(photo credit: AP)
Twice as Good: Condoleezza Rice and Her Path of Power
By Marcus Mabry
362 pages; $27.50
Condoleezza Rice met George W. Bush in 1998, when he was governor of Texas. A former staffer at the National Security Council, she was provost at Stanford University. He was preparing a run for president of the United States. For two and a half days at the Bush family compound in Kennebunkport, Maine, Rice and Bush fished, played tennis, worked out (Condi on a treadmill, W. on a stationary bike) and talked about American foreign policy. They bonded. He found her smart, funny and trustworthy. She deemed him easy to be around, with an "incredibly inquisitive mind." Before long, a friend observed, it was "as though they were Siamese twins joined at the frontal lobes."
As national security adviser and now secretary of state, Marcus Mabry suggests, Rice has been the "unfailing avatar" of Bush's faith that the US could - and should - change the world. And she's the most powerful black woman in American history. In Twice as Good, Mabry, chief of correspondents at Newsweek magazine, provides the first in-depth biography of the famously private Rice. Drawing on interviews with family and friends, he examines her formative years in segregated Alabama, where her parents taught her to be "by turns, icy and charming, and always sharp" - and to believe in "the veracity of her own judgments and those closest to her." These traits, Mabry demonstrates, account for Rice's remarkable rise to power.
John Rice, a Presbyterian minister (and later an administrator at Stillman College and the University of Denver), and Angelena Rice, a schoolteacher, were fiercely protective of their only child, born in 1954 in Birmingham, Alabama. Although by no means affluent, they paid for private lessons in piano, ice skating and tennis, and education at an all-girls' Catholic school. Uninvolved in the civil rights movement, they emphasized that individual will was "the locomotive of human progress."
When Angelena went shopping with Condi in Birmingham and Tuscaloosa, she insisted that the youngster try on clothes in a dressing room reserved for whites. And she prevailed.
Condi learned to compete and win, not compromise or empathize. Being barred from Kiddieland because she was black didn't bother her, she has recalled. Even after a classmate was killed in the bombing of a Baptist church, she worried more about the Cuban Missile Crisis than marauders of the Ku Klux Klan. When told that she didn't have the talent to become a concert pianist, Rice moved on. "I don't do life crises," she explained. "What's the point?"
A course in international politics, taught by Joseph Korbel, the father of Madeleine Albright, provided a new professional direction. Rice graduated as the "Outstanding Senior Woman" at the University of Denver and completed a PhD there with a dissertation on the Soviet and Czech militaries. In 1981, she was hired as an assistant professor by Stanford, in part because she was black. A superb teacher but not a distinguished scholar, Rice was a masterful networker whose contacts included Brent Scowcroft, the national security adviser for George H. W. Bush, and George Shultz, Ronald Reagan's secretary of state. They helped bring her to Washington.
Rice's admirable personal characteristics, Mabry suggests, did not serve her well as a foreign policy strategist. He may be right. Like President Bush, Rice tends not to admit mistakes. She dismisses disagreement as disloyalty. And she tends to be more reactive than reflective.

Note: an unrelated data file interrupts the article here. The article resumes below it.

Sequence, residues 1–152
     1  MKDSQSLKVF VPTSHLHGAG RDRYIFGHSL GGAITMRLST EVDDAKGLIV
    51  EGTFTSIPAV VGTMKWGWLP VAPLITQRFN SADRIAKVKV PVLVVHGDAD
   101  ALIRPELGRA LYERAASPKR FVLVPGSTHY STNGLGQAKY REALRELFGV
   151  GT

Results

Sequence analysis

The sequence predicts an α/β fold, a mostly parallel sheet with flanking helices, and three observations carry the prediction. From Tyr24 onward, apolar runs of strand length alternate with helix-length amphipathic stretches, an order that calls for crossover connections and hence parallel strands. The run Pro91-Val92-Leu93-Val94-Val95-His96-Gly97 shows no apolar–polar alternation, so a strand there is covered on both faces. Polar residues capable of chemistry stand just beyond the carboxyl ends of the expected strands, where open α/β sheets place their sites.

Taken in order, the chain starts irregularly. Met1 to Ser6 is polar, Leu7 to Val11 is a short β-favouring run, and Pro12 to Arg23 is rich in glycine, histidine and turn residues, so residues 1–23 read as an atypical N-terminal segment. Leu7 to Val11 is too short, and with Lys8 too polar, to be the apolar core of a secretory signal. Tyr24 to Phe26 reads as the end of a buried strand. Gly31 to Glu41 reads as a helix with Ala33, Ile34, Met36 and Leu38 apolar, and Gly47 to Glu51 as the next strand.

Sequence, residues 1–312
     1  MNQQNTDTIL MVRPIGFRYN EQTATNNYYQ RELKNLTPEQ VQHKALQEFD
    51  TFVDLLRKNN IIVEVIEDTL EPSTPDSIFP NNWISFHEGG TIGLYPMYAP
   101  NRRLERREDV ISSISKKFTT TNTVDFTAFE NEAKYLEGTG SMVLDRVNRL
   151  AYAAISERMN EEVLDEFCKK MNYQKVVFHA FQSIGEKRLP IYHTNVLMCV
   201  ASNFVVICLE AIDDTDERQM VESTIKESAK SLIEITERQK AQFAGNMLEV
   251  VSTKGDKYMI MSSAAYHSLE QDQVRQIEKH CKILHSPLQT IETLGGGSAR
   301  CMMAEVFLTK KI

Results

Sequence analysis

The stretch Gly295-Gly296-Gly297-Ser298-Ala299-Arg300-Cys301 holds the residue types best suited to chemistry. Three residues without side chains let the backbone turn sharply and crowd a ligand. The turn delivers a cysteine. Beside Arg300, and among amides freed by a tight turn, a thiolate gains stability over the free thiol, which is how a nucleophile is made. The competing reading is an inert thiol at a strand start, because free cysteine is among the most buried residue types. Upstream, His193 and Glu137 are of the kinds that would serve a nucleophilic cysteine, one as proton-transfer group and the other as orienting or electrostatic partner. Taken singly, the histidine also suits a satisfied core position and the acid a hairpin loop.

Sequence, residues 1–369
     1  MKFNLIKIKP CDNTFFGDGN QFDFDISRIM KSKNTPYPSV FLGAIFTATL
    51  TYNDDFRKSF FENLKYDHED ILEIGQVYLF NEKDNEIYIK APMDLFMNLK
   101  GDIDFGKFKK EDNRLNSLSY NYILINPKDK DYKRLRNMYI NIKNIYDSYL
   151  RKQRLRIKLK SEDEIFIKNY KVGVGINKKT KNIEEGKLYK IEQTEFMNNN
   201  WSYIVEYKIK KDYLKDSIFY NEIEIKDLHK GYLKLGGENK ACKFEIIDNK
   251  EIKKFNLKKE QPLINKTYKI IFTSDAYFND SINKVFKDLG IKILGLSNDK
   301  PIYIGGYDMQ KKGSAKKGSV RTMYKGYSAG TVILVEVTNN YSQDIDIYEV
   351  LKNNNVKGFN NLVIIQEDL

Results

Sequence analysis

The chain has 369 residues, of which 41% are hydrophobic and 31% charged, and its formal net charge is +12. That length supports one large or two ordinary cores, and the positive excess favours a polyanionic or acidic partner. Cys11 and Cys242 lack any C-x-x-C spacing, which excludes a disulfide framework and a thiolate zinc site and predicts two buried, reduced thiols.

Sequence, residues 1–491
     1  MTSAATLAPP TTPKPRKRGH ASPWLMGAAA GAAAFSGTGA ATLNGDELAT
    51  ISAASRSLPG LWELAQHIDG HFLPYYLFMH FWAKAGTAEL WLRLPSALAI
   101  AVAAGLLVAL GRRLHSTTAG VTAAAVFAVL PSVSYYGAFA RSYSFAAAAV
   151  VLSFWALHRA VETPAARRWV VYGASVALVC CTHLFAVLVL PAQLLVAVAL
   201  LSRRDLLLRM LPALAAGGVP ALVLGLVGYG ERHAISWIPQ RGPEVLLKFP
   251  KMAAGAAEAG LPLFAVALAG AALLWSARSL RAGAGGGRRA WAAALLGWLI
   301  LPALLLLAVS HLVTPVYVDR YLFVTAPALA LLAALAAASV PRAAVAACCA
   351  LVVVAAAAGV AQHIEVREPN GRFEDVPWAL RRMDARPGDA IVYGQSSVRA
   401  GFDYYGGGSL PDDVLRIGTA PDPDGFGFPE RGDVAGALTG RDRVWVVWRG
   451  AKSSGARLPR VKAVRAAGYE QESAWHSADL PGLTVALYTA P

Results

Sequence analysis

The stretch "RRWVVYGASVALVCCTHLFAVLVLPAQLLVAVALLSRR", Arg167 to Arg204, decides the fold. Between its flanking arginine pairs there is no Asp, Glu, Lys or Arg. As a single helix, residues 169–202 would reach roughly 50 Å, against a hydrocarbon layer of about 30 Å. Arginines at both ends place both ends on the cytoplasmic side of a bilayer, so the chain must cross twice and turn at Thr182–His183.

Unfortunately, Mabry's analysis of Rice's performance in office is superficial. He gives too much weight, for example, to her style and her skill as a "master rhetorician." Rice was, he exclaims, the administration's best witness before the 9/11 commission, combining reasoned argument with "polite steeliness... The world had never seen anything like it."
Conversely, Twice as Good gets caught up with the media criticism of Rice for playing tennis, watching the Broadway play Spamalot and trying on Ferragamo shoes in the aftermath of Hurricane Katrina. And distracted from more substantive matters with tabloidish assertions that Jiang Zemin had a crush on her.
More importantly, Mabry is unable to specify, much less assess, Rice's contributions to Bush's foreign policy. Is she an architect or an implementer? Apparently, Rice coined the phrase "we don't want the smoking gun to be a mushroom cloud."
But did she abandon realpolitik and embrace the neo-conservative crusade to make the Middle East safe for democracy because she genuinely believed that deterrence didn't work with rogue states? Or because she was George W. Bush's poodle? Did she give the green light to Israel to attack Lebanon, refrain from calling for an immediate cease-fire and support the elections that brought Hamas to power? Or was she merely the mouthpiece for these policies? Was her offer of direct talks with Iran not only "historic," but palpable evidence that she "had not drunk the neo-con Kool-Aid" and was steering the administration back to a more pragmatic, diplomatic and multilateral foreign policy? Or a public relations ploy, crafted by Wolfowitzians (in sheep's clothing) who knew that the Iranians would find the conditions they laid down for talks unacceptable?
Although he praises her skills as a tactician and negotiator, Mabry acknowledges that Rice failed to manage interagency disputes within the American government, with devastating consequences for the war on terrorism and the aftermath of the overthrow of Saddam Hussein. Nor has she really redressed the fatally flawed strategic vision of the Bush administration. Judged by what she has achieved, Mabry concludes, "Rice has so far fallen short."
It's a bit of an understatement.
The writer is the Thomas and Dorothy Litwin Professor of American Studies at Cornell University.